Cholesterol-derivatized polyurethane: Characterization and endothelial cell adhesion

Stanley J. Stachelek, Ivan Alferiev, Hoon Choi, Allyson Kronsteiner, Pimporn Uttayarat, Keith J. Gooch, Russell J. Composto, I. Wei Chen, Robert P. Hebbel, Robert J. Levy

Research output: Contribution to journalArticlepeer-review

24 Scopus citations


Endothelialization of synthetic surfaces has been challenging with limited success thus far. We investigated the hypothesis that covalent attachment of cholesterol to polyurethane via the urethane nitrogen groups would create a high-affinity surface for attachment and adhesion of endothelial cells. Cholesterol was covalently bound to the polyether polyurethane, Tecothane®, by first derivatizing the polyurethane nitrogen groups with bromoalkyl side chains, followed by reacting mercapto-cholesterol to the bromoalkyl sites. Cholesterol-modified polyurethane demonstrated a qualitatively smoother surface per atomic force microscopy than nonmodified and increased surface energy (contact angle measurements) compared with unmodified polyurethane. Cell attachment assays showed a significantly greater number of attached bovine arterial endothelial cells (p = 0.0003) after 45 min of seeding on cholesterol-modified polyurethane versus unmodified polyurethane. Bovine arterial endothelial cells cultivated on cholesterol-modified Tecothane® showed significantly greater levels of cell retention compared with unmodified Tecothane® when exposed to arterial level shear stress for 2 h (25 dynes/cm2) with 90.0 ± 6.23% cells remaining adherent compared with unmodified polyurethane, 41.4 ± 11.7%, p = 0.0070. Furthermore, ovine endothelial precursors, obtained as blood outgrowth endothelial cells, were seeded on cholesterol-modified polyurethane and exposed to 25 dynes/cm 2 shear conditions for 2 h, with the retention of 90.30 ± 3.25% of seeded cells versus unmodified polyurethane, which retained only 4.56 ± 0.85% (p < 0.001). It is concluded that covalently linking cholesterol to polyurethane results in improved material properties that permit increased endothelial cell retention compared with unmodified polyurethane.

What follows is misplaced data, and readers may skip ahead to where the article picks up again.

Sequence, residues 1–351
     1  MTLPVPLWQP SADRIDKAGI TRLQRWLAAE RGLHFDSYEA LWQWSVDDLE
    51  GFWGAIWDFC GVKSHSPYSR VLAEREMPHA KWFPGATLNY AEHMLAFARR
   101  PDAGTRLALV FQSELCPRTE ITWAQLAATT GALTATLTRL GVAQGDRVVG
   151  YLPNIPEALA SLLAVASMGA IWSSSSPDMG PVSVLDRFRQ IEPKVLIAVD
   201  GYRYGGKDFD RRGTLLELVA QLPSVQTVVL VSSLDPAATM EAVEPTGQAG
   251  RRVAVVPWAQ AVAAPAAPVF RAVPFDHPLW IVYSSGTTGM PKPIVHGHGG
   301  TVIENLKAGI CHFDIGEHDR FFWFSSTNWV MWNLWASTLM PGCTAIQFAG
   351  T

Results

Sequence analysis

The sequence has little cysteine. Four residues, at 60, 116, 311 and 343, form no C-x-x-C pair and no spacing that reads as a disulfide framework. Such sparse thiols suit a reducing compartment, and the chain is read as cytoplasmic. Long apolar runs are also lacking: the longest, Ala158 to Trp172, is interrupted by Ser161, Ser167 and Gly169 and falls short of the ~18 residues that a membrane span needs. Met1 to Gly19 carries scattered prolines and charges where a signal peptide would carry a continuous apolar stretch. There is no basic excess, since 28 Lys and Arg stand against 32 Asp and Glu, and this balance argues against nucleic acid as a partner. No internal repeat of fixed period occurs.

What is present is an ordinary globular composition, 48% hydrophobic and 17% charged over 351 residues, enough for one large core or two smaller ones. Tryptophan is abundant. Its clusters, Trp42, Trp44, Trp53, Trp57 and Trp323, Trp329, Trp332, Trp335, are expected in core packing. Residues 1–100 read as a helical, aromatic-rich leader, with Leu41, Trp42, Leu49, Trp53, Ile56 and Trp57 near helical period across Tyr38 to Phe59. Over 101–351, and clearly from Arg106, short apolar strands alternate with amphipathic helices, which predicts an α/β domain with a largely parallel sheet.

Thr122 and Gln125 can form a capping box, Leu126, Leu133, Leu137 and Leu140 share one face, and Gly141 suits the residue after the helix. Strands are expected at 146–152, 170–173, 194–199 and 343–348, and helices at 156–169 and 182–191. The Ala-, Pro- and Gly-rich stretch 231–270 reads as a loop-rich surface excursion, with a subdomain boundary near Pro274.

Original languageEnglish (US)
Pages (from-to)200-212
Number of pages13
JournalJournal of Biomedical Materials Research - Part A
Issue number2
StatePublished - Feb 1 2005


  • Blood outgrowth endothelial cells
  • Bovine arterial endothelial cells
  • Cholesterol
  • Polyether polyurethane


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